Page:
When I started reading the "long-form journalism" piece on SB Nation about former UO Duck player Colt Lyerla I was speechless. Not because he alleges the UO promised him a house and car (hey at least it wasn't allegations about being offered sex this time) but because of the florid descriptions of Lyerla and over-the-top language that "A Place to Call Home" is peppered with. Papers including The Oregonian and the R-G weeded through it until the pulled out the details about the alleged offer, but I feel that just getting out the actual news in the piece isn't nearly as much fun as reading the rather remarkable prose.
The descriptions of Lyerla are what make the piece. Here's the first one:
In person, he appears impossibly large. His measurements — 6'4, 242 pounds, as of February's NFL Combine — are plausible enough, but up close, the body appears to be something out of a create-a-player generator in a video game, his outsized proportions more virtual reality than man-made. It starts with the hands, soft tensile masses perfectly engineered to catch footballs. His enormous calves challenge the elasticity of his socks, while his forearms seem as thick as telephone poles. Even as he sits at the small glass kitchen table, in a baggy white T-shirt and black basketball shorts, he seems to loom over it. His dark brown eyes, cleft chin and strong, smooth jaw line complete the look of someone who has never been an underdog on the field, and who has never lacked attention.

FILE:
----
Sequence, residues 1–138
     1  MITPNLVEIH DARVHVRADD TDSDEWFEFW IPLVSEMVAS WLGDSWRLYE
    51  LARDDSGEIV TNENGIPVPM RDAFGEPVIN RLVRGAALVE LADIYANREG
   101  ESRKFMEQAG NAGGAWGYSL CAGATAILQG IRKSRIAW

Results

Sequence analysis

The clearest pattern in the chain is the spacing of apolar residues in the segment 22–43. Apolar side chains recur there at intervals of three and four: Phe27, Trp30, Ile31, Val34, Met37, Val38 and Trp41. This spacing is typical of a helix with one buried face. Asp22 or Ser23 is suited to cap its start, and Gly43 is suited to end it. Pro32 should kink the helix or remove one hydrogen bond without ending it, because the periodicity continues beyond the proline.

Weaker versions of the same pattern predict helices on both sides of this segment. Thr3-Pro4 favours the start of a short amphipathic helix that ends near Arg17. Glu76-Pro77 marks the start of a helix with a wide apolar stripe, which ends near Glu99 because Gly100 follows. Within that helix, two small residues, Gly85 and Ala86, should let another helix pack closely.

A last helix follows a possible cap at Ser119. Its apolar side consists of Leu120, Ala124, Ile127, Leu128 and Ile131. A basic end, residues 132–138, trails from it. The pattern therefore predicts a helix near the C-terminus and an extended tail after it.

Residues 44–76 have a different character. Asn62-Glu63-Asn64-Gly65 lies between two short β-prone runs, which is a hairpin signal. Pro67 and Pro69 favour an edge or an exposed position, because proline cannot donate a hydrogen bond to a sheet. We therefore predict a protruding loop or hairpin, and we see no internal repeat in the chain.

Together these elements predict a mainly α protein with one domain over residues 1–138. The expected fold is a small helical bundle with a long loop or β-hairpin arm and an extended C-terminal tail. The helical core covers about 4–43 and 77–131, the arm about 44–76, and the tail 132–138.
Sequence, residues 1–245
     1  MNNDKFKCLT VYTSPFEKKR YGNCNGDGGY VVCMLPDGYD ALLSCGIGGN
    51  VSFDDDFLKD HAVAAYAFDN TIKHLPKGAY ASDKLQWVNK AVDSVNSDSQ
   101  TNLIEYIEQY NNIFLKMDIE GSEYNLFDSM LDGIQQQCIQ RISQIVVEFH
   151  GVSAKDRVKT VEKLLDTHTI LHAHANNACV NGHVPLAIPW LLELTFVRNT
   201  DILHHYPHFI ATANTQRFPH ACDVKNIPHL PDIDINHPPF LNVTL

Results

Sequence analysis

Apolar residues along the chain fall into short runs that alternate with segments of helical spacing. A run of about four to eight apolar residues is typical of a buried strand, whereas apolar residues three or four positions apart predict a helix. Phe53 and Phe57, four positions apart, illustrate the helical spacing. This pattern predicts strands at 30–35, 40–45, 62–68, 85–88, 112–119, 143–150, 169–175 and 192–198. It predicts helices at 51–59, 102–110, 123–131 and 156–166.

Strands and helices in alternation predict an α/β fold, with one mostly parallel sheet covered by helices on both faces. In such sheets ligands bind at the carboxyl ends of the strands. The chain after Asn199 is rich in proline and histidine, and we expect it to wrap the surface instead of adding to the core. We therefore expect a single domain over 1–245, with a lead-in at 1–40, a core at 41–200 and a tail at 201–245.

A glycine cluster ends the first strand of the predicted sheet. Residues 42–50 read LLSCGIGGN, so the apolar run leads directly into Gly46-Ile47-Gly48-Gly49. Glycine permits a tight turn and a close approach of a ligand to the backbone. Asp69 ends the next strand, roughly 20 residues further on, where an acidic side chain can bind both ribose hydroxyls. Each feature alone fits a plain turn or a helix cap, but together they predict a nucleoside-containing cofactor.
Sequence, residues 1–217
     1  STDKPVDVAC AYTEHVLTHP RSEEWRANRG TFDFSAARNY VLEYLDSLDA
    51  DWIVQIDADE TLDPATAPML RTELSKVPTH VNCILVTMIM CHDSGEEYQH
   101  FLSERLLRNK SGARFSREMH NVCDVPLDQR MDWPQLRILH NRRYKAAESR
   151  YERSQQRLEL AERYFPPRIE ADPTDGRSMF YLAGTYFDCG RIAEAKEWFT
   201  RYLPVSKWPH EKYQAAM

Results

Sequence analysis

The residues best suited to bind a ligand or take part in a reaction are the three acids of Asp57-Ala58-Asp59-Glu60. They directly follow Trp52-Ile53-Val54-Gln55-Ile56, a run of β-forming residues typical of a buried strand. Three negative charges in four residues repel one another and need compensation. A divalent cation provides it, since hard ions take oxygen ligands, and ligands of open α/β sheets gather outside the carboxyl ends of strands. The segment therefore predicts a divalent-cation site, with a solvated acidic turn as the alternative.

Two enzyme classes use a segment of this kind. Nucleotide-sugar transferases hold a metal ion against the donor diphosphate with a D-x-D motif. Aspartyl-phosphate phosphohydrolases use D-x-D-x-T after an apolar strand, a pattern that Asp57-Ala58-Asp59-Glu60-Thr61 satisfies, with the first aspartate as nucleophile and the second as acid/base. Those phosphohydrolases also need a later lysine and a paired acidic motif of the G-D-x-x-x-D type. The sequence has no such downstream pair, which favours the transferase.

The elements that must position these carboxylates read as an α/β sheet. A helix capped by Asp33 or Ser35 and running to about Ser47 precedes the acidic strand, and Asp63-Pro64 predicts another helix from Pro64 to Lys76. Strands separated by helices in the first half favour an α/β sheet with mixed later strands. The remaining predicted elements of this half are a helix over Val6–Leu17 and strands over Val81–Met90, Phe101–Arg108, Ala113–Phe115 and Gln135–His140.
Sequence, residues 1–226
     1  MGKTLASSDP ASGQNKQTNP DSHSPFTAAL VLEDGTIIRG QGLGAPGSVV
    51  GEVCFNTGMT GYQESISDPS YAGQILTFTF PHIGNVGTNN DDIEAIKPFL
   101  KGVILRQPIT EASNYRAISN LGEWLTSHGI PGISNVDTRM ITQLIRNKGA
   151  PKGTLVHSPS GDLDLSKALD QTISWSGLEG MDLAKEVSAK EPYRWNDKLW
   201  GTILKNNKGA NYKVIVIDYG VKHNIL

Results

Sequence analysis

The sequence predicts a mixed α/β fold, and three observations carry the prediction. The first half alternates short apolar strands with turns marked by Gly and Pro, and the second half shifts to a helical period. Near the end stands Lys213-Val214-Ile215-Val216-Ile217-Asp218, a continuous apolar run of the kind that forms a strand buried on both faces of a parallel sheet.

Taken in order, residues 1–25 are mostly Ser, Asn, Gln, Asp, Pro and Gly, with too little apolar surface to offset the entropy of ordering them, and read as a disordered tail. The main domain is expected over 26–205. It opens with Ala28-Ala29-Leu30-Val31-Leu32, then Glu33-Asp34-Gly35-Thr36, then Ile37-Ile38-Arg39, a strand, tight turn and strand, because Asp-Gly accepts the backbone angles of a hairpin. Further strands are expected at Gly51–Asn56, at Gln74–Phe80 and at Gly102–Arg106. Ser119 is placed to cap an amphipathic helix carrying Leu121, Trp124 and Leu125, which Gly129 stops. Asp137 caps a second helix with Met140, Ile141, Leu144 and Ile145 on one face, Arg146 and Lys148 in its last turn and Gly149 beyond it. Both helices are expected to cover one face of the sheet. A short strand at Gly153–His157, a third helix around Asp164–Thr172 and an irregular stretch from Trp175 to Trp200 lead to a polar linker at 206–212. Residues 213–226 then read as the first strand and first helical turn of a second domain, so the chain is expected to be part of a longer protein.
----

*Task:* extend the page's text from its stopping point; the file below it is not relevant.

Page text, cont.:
The metaphors really make the piece. Later, there is this one:
He was used to being an anomaly because his body enabled him to do things that defied what so many others had hardwired into their genetic code, a hacked iPhone when everyone else still operated on factory settings.
Yup, a football player = hacked iPhone.
You can read and enjoy the whole piece for yourself at SBNation.com.
According to the R-G, the UO Athletic Department responded, “The University of Oregon takes seriously any allegation of a rules violation and the compliance department will thoroughly examine the information to determine its validity as we do in all cases.”